Clearing this health hurdle is trickier than you'd think. Why? Heart disease doesn't always appear with glaring signs, especially in women. Picture a heart attack, and you might think of someone clutching their chest in agony. But when it comes to women, the signs could be as subtle as feeling breathless, a little nauseous, or even a nagging backache. 

Similarly, heart disease doesn’t play fair, and lower-income and marginalized communities bear a heavier burden. Almost half of African American women over 20 are grappling with some form of heart disease. These disparities yank back the curtain on a sobering truth. We need heart health strategies as diverse as the women they are meant to protect1.

So, what's contributing to these stark numbers? A combination of high blood pressure, high cholesterol (which can reduce blood flow), and smoking are key culprits. Factors like diabetes, obesity, poor diet, a sedentary lifestyle, and excessive alcohol consumption are also contributors.

We can fight back against heart disease. All it requires is a commitment to embrace a healthier lifestyle. Think healthy diet and regular exercise.

Efforts and Initiatives

Thanks to The American Heart Association (AHA), the sight of red on National Wear Red Day is a testament to women across the nation, brave in their stand against heart disease.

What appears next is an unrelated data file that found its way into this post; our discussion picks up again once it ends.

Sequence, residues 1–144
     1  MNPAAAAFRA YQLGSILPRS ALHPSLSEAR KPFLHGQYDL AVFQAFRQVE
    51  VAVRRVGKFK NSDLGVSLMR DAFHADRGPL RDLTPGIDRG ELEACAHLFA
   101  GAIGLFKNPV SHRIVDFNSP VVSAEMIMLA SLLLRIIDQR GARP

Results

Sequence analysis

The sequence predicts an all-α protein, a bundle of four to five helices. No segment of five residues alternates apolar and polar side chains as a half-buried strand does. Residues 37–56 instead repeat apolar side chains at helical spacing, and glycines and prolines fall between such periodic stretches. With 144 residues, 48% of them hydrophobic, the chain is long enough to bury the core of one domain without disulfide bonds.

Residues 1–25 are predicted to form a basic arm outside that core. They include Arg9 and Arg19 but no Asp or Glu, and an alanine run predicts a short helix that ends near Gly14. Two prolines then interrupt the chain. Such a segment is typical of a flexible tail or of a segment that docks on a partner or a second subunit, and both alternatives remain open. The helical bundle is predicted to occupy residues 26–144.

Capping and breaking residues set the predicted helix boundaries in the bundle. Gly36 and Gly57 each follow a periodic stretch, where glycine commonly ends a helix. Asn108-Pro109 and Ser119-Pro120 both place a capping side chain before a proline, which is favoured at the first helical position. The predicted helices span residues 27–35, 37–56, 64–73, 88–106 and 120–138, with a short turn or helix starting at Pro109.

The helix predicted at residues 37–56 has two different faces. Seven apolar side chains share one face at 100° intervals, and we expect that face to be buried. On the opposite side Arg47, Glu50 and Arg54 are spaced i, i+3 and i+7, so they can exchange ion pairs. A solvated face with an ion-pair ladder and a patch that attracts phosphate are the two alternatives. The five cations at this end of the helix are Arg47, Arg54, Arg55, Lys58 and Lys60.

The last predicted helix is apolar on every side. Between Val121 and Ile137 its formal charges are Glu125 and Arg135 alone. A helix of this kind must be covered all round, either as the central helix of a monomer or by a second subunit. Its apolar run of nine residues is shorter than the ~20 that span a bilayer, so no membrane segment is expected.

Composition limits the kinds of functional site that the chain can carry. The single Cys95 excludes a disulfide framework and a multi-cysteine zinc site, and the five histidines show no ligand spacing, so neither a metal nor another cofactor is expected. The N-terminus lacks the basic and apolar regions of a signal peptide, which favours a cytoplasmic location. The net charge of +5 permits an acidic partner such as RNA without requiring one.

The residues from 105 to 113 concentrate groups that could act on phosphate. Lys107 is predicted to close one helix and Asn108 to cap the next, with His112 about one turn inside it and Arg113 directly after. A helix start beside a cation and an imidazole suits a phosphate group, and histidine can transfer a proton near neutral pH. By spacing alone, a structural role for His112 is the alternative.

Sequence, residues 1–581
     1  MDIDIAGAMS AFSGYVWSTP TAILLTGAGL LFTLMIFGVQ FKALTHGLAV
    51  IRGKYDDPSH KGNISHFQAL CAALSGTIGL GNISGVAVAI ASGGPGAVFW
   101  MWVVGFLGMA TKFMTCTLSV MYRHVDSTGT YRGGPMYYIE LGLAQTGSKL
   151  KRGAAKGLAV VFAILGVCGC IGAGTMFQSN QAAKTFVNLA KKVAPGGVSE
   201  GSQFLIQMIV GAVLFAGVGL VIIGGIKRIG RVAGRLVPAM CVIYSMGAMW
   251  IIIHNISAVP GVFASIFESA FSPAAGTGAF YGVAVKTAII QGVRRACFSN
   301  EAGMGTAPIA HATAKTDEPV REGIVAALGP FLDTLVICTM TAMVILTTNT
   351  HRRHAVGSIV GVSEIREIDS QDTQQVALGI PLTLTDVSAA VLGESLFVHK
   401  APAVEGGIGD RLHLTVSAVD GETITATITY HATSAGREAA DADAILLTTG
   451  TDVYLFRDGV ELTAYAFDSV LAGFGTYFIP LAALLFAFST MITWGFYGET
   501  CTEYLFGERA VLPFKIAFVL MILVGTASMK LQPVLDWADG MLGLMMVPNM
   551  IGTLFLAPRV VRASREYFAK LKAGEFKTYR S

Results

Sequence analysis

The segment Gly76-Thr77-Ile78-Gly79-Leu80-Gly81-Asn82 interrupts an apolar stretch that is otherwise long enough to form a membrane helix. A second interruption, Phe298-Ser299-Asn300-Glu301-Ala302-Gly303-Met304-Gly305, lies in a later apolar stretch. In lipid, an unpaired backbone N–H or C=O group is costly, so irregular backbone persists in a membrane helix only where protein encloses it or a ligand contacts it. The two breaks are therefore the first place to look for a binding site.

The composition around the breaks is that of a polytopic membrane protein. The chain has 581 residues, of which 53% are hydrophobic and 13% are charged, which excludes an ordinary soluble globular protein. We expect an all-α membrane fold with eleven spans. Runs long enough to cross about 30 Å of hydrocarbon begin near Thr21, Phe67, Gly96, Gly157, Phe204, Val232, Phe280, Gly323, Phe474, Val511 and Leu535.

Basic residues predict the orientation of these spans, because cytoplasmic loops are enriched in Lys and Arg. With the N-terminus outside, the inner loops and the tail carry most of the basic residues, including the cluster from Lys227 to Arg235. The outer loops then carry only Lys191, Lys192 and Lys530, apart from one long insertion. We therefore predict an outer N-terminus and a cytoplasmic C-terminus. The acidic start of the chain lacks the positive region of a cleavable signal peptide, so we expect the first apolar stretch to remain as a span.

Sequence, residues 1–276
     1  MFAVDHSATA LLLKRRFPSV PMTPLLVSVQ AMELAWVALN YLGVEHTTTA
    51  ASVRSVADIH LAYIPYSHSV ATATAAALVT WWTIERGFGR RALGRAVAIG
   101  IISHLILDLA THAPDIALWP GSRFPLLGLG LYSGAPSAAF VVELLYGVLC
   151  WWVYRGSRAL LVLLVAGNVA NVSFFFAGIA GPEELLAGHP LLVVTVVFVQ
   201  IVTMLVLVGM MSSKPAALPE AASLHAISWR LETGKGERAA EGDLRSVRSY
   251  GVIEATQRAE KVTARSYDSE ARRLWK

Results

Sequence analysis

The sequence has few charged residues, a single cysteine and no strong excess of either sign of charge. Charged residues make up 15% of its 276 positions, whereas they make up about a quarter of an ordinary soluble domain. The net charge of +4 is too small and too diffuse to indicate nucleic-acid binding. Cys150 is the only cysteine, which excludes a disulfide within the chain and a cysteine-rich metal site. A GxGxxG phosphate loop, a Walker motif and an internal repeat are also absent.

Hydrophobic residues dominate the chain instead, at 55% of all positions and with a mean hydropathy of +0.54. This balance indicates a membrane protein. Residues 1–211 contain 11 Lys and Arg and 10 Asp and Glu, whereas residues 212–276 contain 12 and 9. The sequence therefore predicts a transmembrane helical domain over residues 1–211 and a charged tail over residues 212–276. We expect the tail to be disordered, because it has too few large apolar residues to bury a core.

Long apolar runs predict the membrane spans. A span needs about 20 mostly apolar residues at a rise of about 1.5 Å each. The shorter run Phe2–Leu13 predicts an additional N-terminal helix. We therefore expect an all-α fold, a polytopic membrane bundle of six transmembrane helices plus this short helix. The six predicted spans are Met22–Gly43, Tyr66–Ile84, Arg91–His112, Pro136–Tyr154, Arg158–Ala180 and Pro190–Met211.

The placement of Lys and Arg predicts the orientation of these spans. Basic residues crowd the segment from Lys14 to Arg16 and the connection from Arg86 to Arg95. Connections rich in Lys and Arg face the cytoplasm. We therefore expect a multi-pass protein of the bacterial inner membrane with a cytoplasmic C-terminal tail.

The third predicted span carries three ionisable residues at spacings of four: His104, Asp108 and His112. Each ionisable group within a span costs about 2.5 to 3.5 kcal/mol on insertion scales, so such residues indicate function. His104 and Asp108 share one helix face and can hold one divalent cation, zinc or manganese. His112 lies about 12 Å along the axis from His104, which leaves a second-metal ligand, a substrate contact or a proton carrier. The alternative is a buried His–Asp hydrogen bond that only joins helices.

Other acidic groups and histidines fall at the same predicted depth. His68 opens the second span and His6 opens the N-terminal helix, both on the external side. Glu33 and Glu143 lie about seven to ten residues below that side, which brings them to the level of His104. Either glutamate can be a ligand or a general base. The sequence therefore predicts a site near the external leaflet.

Since 2004, Macy's Wear Red Sale has been an annual affair, an innovative nod to the AHA's mission. Their stores become fundraising powerhouses for three weeks, collecting millions for heart health research and education.

Across the pond, the British Heart Foundation (BHF) and the World Heart Federation (WHF) wave their red flags high. The BHF is pumping funds into research for heart and circulatory diseases. The WHF wants to shed light on the fight against the world's deadliest disease. 

On a more local level, National Wear Red Day sparks health fairs, educational seminars, and fitness classes. It's a day when the message of heart health echoes in every corner of the community.

How to Get Involved and Support National Wear Red Day

Person wearing red
Photo by Anna Shvets.

Your involvement in National Wear Red Day can begin with something as simple as choosing a fiery red tie or a garnet-hued dress from your wardrobe. Yet, what if you want to do more? Fear not; there are plenty of ways to make a difference.

Imagine this: You, dressed in vibrant rouge, capturing a selfie and sharing it on social media. It sounds simple. Yet, this straightforward act can spark a conversation about heart disease, stroke risks, raise awareness and amplify its impact. 

But the day's significance transcends the color red - it's about understanding the reason behind the color.

Keeping oneself informed is key to lending a voice to the cause. Try to delve into the intricacies of heart disease, from its risk factors to prevention strategies. You can turn to reliable online resources such as health seminars. Furthermore, you can choose to undertake practical actions such as doing a course to learn CPR and knowing how to spot the signs of cardiac arrest, such as chest pain and breathlessness.